A genetic study has determined that some of todays Normans are probably descendants of the Vikings.
Do the Normans really have Vikings ancestors?
A lot of places in Normandy have names of Viking origin including the local people. A genetic study conducted in the Cotentin region wanted to determine the biological portion of this Scandinavian heritage. Here are the first results.
ANCESTORS. "Men of the North", such is the literal meaning of the word "Norman". And the term used to describe the inhabitants of Normandy and their descendants. It was once used to talk about the Vikings, the Scandinavian people who landed on the French coast of the English Channel at the end of the first millennium AD.
Can the Normans today still boast of being the direct descendants of those dreaded Nordic warriors of the Middle Ages? "It could be or not", The first results of the genetic study were announced Thursday, April 21, 2016. It was a collaboration between British and French researchers, known as the "Viking DNA Project" aims to determine if the Normans contain a "signature" left by the Vikings. Now, this signature is not always clear.
The Viking DNA Signature
Researchers are interested in Normandy because it is the only sustainable political foundation established by the Vikings on the mainland. Scientists have also focused their study on the population of the Cotentin peninsula because the density of places and people whose names are of Scandinavian origin is particularly strong. "We were interested in men with surnames with Scandinavian-sounding that could reflect this legacy: names such as Anquetil, Dutot, Equilbec, Gonfray, Ingouf, Lanfry, Osouf, Osmont, Quetel, Tougis, Tostain, Raoult and their many variations, explains Richard Jones of the University of Leicester. We have also retained only people whose four grandparents were born and lived within 50 km of their current home. This stable residence is often indicative of a longer history of the family in one area." In the end, the researchers selected according to these criteria, 89 men. They were asked to complete a genealogical questionnaire and submit to a saliva test. The scientists then looked for a "Viking signature" on the Y chromosome (present only in males and passed from father to son) extracted from cells in saliva. Specifically, they were interested in genetic variations present on this chromosome.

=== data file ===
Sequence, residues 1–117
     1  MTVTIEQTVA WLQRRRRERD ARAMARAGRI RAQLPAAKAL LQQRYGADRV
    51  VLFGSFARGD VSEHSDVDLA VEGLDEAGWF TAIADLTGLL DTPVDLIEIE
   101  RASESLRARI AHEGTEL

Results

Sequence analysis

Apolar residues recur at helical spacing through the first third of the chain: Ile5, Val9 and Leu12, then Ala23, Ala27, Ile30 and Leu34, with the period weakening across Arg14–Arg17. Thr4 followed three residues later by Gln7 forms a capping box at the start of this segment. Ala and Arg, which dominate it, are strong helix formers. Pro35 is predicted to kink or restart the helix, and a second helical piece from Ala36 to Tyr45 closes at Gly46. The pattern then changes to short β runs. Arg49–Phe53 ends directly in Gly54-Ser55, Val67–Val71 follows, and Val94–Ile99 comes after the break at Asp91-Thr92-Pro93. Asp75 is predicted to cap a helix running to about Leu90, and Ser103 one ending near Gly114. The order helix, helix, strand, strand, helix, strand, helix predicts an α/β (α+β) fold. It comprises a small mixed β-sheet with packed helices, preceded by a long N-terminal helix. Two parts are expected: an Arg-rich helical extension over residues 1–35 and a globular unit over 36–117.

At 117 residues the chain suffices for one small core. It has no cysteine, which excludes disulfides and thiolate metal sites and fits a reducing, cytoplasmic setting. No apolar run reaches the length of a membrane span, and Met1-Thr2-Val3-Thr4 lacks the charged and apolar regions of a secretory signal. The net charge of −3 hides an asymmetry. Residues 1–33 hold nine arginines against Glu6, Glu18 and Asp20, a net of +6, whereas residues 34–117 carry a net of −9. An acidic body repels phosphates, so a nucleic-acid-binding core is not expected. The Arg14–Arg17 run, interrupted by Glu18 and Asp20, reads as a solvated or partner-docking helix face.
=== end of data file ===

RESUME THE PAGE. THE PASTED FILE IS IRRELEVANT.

"These changes can be grouped according to several criteria. This allows to classify an individual in a 'haplogroup' particular depending on the type of detected changes in their DNA," said British historian.
Results? Of the 89 men who participated in the study, the vast majority (52) represented haplogroup R1b, the type of Y chromosome variations most common in Northern and Western Europe. Its origin, still unclear, is found on the side of shepherds from the plains north of the Black Sea who migrated to the West 4,000 years ago. There can’t, therefore, be a typical Viking signature. But without totally excluding it either: according to experts, this genetic variation could mean an indirect link with the Vikings. However, haplogroup I1, found in 11 of the Normans of the study, suggests more clearly a possible Viking ancestry (more direct this time).
These variations are indeed very present among the Scandinavians (over 45% of the population belongs to this genetic group in some areas). But a Germanic origin is also possible. In fact, "when we look at fingerprints' underlying haplogroup I1, some Norman Y chromosomes show an affinity with the Germanic, while others show an affinity with the Scandinavians," said Richard Jones. Still, "it's very tempting to consider l1 as a mark left by the Vikings in Normandy because it is present in approximately the same proportions as those observed in other populations with known Viking history," the searcher. Finally, 2 participants presented a haplogroup often regarded as typical Nordic: R1a. The other haplogroups found among the Normans are a priori unrelated to the Vikings. They are of other origins witnesses, particularly around the Mediterranean (including Sicily and southern Italy, the land that belonged to the Norman empire) and extending further eastward from the Middle East and Eastern Europe (going back perhaps to the Crusades).
These results are however not definitive, but they already reflect a high genetic diversity within the population of Cotentin. The researchers intend to refine their analysis of haplogroups in order to more clearly identify the geographic origins of each.
They also want to study another type of genetic material: mitochondrial DNA (inherited this time by the mother to her children), even more, complex to decipher. Finally, future methods of ancient DNA samples may enable to harvest DNA on Viking skulls: it will then be sufficient to compare this authentic DNA to that of the Normans to see if they are related, rather than attempting to trace the genetic trees following the traces of a possible Viking signature. "Knowledge of the genetic history of Normandy is still in its infancy!" Enthuses Richard Jones.
* Groupware matter between the University of Leicester (UK) and the Centre for Archaeological Research and Historical Ancient and Medieval UMR 6273 (CNRS / UCBN), University of Caen Lower Normandy (France).